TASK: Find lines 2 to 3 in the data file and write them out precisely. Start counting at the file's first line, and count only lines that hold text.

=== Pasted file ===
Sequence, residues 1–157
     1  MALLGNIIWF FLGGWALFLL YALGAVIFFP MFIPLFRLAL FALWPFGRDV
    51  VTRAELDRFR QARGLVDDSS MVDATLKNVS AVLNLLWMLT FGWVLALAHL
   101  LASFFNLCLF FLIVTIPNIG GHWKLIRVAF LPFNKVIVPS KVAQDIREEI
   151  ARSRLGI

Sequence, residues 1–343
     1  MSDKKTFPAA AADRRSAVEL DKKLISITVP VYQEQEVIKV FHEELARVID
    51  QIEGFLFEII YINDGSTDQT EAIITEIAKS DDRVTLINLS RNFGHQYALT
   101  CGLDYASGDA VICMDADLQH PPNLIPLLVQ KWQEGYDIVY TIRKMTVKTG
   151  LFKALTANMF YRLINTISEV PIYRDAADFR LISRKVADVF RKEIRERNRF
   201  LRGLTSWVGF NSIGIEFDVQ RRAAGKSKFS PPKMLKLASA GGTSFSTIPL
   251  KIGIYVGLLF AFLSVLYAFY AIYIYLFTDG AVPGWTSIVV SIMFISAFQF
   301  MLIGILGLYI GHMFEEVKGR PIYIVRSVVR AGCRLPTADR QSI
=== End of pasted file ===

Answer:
     1  MALLGNIIWF FLGGWALFLL YALGAVIFFP MFIPLFRLAL FALWPFGRDV
    51  VTRAELDRFR QARGLVDDSS MVDATLKNVS AVLNLLWMLT FGWVLALAHL